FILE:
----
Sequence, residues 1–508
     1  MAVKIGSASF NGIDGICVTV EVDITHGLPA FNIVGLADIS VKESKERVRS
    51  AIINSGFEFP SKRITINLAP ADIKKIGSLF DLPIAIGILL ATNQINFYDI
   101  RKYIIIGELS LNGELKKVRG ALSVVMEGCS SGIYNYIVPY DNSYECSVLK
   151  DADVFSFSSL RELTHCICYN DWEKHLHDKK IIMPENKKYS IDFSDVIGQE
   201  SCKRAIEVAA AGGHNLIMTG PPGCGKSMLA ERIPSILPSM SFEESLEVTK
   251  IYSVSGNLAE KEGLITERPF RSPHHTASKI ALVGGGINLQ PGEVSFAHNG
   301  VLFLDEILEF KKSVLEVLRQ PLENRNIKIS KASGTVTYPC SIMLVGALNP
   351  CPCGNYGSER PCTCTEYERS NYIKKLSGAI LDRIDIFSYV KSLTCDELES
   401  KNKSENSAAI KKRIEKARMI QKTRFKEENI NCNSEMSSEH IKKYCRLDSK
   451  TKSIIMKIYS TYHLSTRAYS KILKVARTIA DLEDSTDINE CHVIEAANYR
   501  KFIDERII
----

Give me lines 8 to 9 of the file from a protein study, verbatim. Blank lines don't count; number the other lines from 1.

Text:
   301  VLFLDEILEF KKSVLEVLRQ PLENRNIKIS KASGTVTYPC SIMLVGALNP
   351  CPCGNYGSER PCTCTEYERS NYIKKLSGAI LDRIDIFSYV KSLTCDELES